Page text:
A suspected human anthrax outbreak that began in early April in the Koubia district in the north of Guinea has sickened five, including one fatality, as of Apr. 27.

Bacillus anthracis/CDC
Bacillus anthracis/CDC

The index case, a 35 year old man from Hamdallaye village developed ill-health on Apr. 7. He presented to Matakaou health centre on Apr. 11 with fever, swelling of the lower lip with black crusts, difficulty to swallow, and shortness of breath.

His condition continued to deteriorate and he was referred to Labé regional hospital on two days later and died on Apr. 18.

The patient said he slaughtered a cow on Apr. 1 and the whole family ate the meat. Part of the meat was sold off to a local butcher.

Three of his children, all under 10 years of age,  developed milder illnesses. In addition, another 9 year old boy from a different family (who consumed the same meat) developed symptoms consistant with anthrax.

As of May 3, all the children were showing good clinical improvement.

Anthrax was not laboratory confirmed in any case; however, the attending clinician made a provisional diagnosis of anthrax and veterinary officials established that the slaughtered cow was actually sick.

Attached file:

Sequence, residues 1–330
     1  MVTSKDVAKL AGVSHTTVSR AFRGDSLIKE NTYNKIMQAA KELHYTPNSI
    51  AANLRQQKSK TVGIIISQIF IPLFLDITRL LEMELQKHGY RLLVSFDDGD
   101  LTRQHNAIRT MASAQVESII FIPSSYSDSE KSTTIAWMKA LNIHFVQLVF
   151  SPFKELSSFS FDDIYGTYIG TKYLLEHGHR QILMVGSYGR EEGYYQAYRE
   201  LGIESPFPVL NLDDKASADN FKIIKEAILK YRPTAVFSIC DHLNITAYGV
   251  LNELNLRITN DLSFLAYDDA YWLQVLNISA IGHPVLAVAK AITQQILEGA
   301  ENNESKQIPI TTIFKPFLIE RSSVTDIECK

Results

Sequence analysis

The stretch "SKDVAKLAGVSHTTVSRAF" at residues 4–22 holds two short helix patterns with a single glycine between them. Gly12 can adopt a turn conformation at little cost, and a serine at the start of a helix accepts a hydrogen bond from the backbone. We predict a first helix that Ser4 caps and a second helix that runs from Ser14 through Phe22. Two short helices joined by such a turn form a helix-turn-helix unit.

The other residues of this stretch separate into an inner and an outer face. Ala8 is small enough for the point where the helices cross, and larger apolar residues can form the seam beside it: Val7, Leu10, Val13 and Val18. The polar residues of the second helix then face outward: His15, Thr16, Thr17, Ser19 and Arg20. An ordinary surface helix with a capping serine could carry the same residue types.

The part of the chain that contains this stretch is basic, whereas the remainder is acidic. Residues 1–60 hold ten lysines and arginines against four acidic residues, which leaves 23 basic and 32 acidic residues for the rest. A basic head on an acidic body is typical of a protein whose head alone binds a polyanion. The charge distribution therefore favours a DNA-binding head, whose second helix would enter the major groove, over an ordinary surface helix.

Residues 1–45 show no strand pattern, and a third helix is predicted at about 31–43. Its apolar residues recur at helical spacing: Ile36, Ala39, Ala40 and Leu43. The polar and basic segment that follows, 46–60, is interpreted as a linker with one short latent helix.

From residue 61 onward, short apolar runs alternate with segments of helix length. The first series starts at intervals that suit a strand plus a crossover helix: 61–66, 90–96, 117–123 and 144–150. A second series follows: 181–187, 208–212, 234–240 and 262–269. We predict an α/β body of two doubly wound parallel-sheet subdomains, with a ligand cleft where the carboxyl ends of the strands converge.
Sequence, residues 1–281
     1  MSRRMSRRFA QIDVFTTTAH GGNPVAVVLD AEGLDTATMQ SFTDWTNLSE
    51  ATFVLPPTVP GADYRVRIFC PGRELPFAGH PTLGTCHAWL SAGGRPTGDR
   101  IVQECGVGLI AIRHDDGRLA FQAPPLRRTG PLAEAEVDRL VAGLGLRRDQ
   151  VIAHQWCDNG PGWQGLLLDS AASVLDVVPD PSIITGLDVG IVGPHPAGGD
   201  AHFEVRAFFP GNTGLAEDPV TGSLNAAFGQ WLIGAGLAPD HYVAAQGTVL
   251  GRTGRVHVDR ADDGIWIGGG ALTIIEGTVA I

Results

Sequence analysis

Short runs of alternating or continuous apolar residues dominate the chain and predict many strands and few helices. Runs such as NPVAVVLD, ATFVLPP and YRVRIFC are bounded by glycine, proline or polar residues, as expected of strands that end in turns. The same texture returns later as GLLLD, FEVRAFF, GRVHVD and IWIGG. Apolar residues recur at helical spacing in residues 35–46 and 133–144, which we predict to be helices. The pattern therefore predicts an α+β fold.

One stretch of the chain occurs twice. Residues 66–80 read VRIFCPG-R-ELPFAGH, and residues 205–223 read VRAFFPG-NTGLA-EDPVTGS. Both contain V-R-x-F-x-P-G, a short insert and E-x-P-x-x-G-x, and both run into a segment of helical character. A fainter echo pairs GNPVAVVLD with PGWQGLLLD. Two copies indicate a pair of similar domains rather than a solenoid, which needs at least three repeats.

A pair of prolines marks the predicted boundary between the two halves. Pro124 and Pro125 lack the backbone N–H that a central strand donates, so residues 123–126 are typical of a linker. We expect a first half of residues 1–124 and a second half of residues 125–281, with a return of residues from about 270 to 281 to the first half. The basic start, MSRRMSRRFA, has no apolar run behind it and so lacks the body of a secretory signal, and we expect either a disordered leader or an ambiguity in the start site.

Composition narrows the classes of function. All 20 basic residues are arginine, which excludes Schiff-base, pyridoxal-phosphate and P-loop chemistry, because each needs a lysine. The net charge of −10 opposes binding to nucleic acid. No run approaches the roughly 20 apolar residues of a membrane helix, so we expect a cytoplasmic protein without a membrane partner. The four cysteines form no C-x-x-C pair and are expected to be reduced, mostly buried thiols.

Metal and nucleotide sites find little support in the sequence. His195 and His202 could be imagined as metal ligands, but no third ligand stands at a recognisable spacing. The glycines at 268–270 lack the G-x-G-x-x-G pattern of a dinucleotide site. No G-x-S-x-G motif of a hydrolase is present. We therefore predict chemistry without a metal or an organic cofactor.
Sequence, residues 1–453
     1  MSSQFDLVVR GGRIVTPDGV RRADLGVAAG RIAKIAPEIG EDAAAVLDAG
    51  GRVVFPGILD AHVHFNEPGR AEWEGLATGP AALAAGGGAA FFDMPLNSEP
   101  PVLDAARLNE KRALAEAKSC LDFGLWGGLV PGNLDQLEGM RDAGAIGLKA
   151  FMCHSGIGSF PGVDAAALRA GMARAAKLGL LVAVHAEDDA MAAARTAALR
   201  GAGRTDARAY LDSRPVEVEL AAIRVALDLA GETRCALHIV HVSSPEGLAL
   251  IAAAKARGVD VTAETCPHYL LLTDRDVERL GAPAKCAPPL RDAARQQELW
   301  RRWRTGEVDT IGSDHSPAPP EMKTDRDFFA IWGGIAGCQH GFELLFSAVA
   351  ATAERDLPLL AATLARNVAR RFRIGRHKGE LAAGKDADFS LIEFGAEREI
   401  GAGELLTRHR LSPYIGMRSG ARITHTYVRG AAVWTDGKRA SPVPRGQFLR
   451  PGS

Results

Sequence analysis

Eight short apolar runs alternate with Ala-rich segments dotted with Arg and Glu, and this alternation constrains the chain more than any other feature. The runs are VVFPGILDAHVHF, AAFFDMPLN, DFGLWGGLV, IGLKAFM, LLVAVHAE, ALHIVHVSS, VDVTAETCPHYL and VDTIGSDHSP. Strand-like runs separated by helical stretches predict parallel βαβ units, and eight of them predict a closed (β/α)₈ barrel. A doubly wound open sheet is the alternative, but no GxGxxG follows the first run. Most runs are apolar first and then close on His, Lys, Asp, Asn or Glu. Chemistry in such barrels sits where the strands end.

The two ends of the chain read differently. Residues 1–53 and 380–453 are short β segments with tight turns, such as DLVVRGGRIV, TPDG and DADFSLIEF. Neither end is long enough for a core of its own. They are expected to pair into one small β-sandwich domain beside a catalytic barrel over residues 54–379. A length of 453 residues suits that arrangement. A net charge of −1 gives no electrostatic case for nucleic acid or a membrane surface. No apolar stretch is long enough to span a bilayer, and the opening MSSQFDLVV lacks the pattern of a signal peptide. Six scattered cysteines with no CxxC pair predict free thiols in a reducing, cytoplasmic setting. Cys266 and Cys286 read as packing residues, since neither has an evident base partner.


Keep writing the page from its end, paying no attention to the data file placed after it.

More than four dozen people from six families in the community reportedly bought and consumed the meat.

The following public health actions were taken:

  • From 15 – 16 April 2017, the Veterinary services carried out vaccination of animals in and around the affected area. Anthrax vaccine was administered to 118 cows, 25 goats and 27 sheep. Movement of livestock from the affected communities has been quarantined.
  • Active case finding and awareness raising on signs and symptoms of anthrax is being undertaken in the community.
  • Case management is being provided in the local prefectural hospital and health center using antibiotics, antipyretic and dressing of cutaneous lesions.
  • Risk communication and social mobilization are being conducted in the affected communities, aimed to identify the persons who consumed the meat, encourage early health care seeking behavior, etc.